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State of Open Con 23, Open Source Track #3: Open Data

Jennifer Riggins
3rd February 2023

A lot of events are dedicated to one of three things — Open Source Software, Open Data or Open Hardware. At the State of Open Con, brought to life by OpenUK, we believe that today any one can exist without the other. This has been a theme through OpenUK’s work, the “three opens”. In our increasingly interconnected world, we must continue to break down silos which is why OpenUK is bringing these three Open communities together under one roof next week.

One of our exciting tracks is dedicated to Open Data, which was curated by OpenUK partner the Open Data Institute (ODI) and will be hosted by its director of corporate affairs, Emma Thwaites

Falling under an open licence, Open Data is openly accessible, editable and shared by anyone for any purpose. It ties our data-driven world together. That means Open Data has relevance across the entire tech industry and beyond from case studies of how Open Data can help people remove biases in data to artificial intelligence to the role of Open Data in our cultural lives, Thwaites pointed out. 

#SOOCon23 will feature sessions on enabling participation in how Open Data is collected, stored, used and shared, on what infrastructure and governance pieces enable that to happen in a way that is safe, and what standards, regulations and compliance are needed to build trust that Open Data is leveraged in an equitable way that distributes the value.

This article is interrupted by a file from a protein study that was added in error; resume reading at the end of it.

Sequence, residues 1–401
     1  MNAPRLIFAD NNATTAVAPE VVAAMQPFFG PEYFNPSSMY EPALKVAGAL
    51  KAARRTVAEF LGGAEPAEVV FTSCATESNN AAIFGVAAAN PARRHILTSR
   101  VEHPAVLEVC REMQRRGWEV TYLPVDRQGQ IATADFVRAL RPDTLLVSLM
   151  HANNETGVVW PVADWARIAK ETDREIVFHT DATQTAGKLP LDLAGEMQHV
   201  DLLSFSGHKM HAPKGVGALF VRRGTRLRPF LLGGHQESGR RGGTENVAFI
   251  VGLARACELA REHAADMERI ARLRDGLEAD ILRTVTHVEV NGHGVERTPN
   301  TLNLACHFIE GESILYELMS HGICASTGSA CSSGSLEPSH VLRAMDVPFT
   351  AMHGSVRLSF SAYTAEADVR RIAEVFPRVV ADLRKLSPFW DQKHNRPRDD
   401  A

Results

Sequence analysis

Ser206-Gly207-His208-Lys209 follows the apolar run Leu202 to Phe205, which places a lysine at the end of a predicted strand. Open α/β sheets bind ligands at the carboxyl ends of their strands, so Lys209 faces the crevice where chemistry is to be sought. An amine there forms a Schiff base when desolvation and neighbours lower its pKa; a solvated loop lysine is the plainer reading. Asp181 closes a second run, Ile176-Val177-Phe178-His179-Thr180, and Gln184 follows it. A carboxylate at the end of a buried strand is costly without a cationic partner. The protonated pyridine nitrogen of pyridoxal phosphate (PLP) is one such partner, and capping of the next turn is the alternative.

“I’d like the audience to go away feeling like they’ve been exposed to at least one idea that’s kind of blown their minds, to think about Open Data in a different way or it’s inspired them, leaving the room thinking they’ve learned something that will change the way that they work or think about their work or might inspire them to do something different,” Thwaites said. 

Ten years into the life of the Open Data Institute (and more since the emergence of open data as a concept), the conversation at our event will be around what’s necessary to take it more equitably into the next decade, developing a shared professional skills framework for anyone that is using, handling, or sharing data. How do we as a collective agree what those standards and best practices are? How do we make them applicable at a global level? How do we make them culturally agnostic? How do we apply ethics in a way that is fair and respectful? How can we overcome the biases that pervade Open Data? How can we overcome potential power asymmetries where the Global South and indigenous communities sometimes have no agency?